Professor Cathy Nutbrown of the University of Sheffield discusses issues of gender stereotyping in Early Years settings…
Gender stereotyping in children’s play in early years settings is a much-studied topic. Gender identities – what it is to be a boy or a girl – are a strong feature of children’s play and often impact on their choices of types of play and playmates.
Despite decades of thinking, and legislation, about gender equality, inequalities still remain for some men and women, and the effects of gender on young children’s learning can have implications for their future achievements.
The Early Years Foundation Stage makes it clear that all children should have a wide range of opportunities to play and learn. It’s important to challenge stereotypes early to give children a breadth of learning experiences.
Boys and girls sometimes show different kinds of behaviour and make different choices in their play. Where girls and boys do share the same play area, they sometimes use it differently – for example, the home play area can be dominated by girls, with boys choosing more risky outdoor play.
As Glenda MacNaughton (1999, p81) notes, children’s pretend play is rich in information about how they understand gender relations. As they play at ‘having babies’, ‘being monsters’ or ‘making a hospital’, they show others what they think girls and women can and should do, and what they think boys and men can and should do.
What is important to remember is that both boys and girls can miss out on important experiences if their play is limited to only some of the opportunities available in their settings.
Problems can be exacerbated by all-female staff teams, which can make it difficult to model how women and men can work cooperatively and use all aspects of provision.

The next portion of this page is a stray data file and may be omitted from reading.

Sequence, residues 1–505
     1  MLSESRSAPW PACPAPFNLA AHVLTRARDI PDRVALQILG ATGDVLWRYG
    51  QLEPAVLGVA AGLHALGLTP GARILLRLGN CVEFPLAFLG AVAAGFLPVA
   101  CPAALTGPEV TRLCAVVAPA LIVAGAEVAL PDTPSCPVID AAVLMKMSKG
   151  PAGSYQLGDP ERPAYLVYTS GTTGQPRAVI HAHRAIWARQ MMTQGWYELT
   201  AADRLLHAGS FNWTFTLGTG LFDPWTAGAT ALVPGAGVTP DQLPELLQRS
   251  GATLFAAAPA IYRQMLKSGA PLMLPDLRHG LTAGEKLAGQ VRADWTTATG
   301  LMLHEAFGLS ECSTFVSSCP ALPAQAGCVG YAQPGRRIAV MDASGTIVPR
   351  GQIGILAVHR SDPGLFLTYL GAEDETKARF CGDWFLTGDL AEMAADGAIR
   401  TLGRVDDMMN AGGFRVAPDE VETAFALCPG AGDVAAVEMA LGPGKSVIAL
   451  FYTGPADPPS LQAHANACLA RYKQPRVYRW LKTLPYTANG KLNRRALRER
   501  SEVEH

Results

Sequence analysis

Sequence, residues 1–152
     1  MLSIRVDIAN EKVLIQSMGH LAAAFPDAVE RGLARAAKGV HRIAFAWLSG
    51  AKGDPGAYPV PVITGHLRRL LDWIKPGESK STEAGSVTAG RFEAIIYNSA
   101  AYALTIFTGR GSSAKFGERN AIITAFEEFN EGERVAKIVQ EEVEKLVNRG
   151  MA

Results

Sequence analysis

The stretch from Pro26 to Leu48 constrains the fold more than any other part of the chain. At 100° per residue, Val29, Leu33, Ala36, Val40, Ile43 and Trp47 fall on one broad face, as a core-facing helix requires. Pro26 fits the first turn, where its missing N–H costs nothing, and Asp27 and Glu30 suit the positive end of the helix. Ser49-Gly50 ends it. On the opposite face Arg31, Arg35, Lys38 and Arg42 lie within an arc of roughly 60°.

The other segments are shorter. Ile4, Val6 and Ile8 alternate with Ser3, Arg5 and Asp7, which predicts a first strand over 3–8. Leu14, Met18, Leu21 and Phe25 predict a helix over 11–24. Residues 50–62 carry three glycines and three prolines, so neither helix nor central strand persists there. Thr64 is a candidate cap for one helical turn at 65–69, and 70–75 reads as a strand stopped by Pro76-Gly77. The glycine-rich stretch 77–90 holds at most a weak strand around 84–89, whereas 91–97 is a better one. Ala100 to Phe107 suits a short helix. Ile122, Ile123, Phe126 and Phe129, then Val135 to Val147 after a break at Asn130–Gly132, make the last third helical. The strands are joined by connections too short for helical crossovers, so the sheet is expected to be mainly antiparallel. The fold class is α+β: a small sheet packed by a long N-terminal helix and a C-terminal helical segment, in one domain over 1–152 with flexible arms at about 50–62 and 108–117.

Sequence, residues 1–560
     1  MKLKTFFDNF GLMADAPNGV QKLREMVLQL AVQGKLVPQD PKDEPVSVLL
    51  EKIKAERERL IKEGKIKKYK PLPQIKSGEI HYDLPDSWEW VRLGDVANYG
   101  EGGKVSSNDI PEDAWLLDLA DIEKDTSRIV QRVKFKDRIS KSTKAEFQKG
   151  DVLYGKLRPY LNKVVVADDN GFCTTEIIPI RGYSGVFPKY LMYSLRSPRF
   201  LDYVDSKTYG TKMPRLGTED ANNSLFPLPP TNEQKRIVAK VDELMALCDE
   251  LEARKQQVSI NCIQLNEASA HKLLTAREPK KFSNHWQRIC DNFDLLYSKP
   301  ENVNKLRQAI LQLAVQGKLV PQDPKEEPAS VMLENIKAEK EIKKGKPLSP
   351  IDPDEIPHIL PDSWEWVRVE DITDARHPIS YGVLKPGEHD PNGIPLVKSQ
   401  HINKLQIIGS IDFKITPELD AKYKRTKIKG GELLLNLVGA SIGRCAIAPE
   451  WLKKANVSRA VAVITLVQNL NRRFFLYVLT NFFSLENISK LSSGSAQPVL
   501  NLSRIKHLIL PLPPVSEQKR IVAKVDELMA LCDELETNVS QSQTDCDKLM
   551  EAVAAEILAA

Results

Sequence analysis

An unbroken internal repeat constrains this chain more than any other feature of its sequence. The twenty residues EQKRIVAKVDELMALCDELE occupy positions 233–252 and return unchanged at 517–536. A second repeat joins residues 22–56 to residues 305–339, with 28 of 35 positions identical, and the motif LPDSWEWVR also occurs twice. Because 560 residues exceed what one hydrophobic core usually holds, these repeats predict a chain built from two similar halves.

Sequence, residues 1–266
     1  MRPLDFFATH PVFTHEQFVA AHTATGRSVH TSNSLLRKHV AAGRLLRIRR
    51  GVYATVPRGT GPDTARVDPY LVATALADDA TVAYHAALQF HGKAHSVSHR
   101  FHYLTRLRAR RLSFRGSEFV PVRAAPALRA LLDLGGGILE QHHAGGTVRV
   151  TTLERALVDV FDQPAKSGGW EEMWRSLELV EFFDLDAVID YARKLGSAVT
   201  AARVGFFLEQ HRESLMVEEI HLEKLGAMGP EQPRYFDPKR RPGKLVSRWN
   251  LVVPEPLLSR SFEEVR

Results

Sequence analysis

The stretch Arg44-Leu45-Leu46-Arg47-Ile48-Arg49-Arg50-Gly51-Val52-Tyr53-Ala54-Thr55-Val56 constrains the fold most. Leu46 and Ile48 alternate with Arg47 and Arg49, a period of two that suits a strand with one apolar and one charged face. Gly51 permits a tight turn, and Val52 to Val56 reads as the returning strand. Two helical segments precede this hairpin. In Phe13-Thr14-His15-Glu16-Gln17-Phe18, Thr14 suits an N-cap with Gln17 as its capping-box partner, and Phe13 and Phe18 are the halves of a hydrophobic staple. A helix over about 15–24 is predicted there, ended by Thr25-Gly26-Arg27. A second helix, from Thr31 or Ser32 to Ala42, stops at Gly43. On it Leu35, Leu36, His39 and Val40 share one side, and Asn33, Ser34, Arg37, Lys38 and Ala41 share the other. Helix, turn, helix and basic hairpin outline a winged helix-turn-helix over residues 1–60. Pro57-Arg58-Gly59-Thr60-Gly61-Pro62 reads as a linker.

By the same token, male and female staff in mixed teams need to examine the messages they give to children about what men and women ‘do’ and demonstrate non-stereotypical behaviour.
Challenging limiting stereotypes in early years settings means:
● focusing on gender issues in practitioners’ initial and post-qualifying training
● recruiting men and women to work in settings
● understanding the influence of families on children’s constructions of gender
● observing how children demonstrate what they know about men and women – and girls and boys – in their gendered play
● remaining aware of the potentially limiting impact of gendered play on learning
The girls dominated the home corner area whilst the boys preferred the outside space and the computers. When questioned, the children said the home area was “for girls” and the computers were “for boys”.
The teacher asked who did domestic chores at home and who used the computer. The children’s answers showed that stereotypical behaviour they displayed in the nursery was not reflecting their home lives, where some children saw women using computers and men washing up.
Research has shown that young children often gravitate to stereotypical aspects of provision often defying (or denying) the experience in their daily lives. The stereotypes were challenged through ongoing and deliberate intervention strategies which broadened out opportunities for children.